Skydiving is perhaps the most well-known form of skydiving and the riskiest. Indoor skydiving is considerably safer.
Unlike with outdoor skydiving, you aren’t truly falling, but instead suspended in a controlled wind tunnel.
This being said, there are still some risks. So, what are some safety measures that are taken during indoor skydiving?
It’s best to be informed!
Safety Measures Taken During Indoor Skydiving
There are a few safety measures that you can take to avoid confusion or injury (injury is rare, but can still happen without due care).
This will ensure the most positive indoor skydiving experience possible.
Most who try it say it’s a lot of fun, as long as you keep the following in mind.
First and foremost, you’ll need to have the proper indoor skydiving know-how.
This includes basic, key information like how to turn, how to get in/out of the wind tunnel properly, that sort of thing. Without this knowledge, it would be all too easy to lose control, or simply not be able to move around.
If you practice, you’ll be turning tricks in no time. In fact, oftentimes, so you can see everything you can learn and do ultimately, your instructors will put on a show!
Next up is the gear.
As you can imagine, the proper gear is important and will help prevent scuffs or injury.
It will also help streamline you so you glide along on the wind tunnel better!
From the streamlined flight outfit to protective accessories, each of these elements serves a crucial purpose in enhancing the indoor skydiving experience:
- You start with a flight outfit, which is what will streamline your body and help you move about in the wind tunnel more smoothly. It also provides some protection for the skin, helping reduce scuffs. You can just dress comfortably, as your flight outfit will be provided!
- Perhaps the most important item when it comes to protective gear is the helmet. If you happen to bonk heads with another indoor skydiver, this will make sure you come away without bruises, a headache, or head injury (the latter of which is incredibly rare – but better safe than sorry).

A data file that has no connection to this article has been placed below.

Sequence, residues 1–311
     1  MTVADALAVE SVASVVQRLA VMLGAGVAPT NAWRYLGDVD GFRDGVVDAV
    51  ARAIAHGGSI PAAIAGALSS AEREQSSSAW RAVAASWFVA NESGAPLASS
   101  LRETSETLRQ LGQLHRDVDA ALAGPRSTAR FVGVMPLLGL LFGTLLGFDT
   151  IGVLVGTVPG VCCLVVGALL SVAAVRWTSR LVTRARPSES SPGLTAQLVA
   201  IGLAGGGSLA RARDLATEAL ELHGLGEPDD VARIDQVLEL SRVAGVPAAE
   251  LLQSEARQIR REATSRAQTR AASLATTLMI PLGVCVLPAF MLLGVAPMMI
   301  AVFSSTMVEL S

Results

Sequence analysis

- Knee pads are also part of the standard indoor skydiving gear. Knees are sensitive to bumps, and it’s just smart to give them a bit of extra padding for your comfort. If you happen to knock your knees against the walls of the wind tunnel or another indoor skydiver, your knee pads will have your back!
- Elbows are even more sensitive to bumps, scrapes, and injury than knees are. For this reason, elbow pads will also be provided!
- While you’ll be able to breathe just fine in the wind tunnel, it’s hard to see without goggles – your eyes get watery and blurry. Goggles will shield them and keep your vision clear. They’re also useful in case a bit of debris or hair is blown into your face – your eyes will be protected!
- Lace-up trainers are the shoe of choice when it comes to indoor skydiving. They provide your bare feet with protection, but aren’t so heavy-duty that they’ll put other indoor skydivers at risk!
What are some safety measures that are taken during indoor skydiving?
At the briefing, your instructors will teach you some hand signals, so you can communicate effectively in the wind tunnel.
These hand signals include “chin up,” “stop,” “help,” “legs in,” “legs out,” and relax!
For example, “chin up,” (pointing up) is a signal you might receive if you’re keeping your head down too much.
This isn’t proper indoor skydiving form (don’t worry, it just takes a bit of practice), and the others can’t see your face, so you might get an occasional “chin up” from your instructor!
Finally, there are certain health requirements you’ll need to meet in order to indoor skydive.
As you can see, luckily, indoor skydiving is fairly safe, especially when certain precautions are taken.
Just make sure to use the proper gear, learn the hand signals, practice, and have the rest of the proper know-how!
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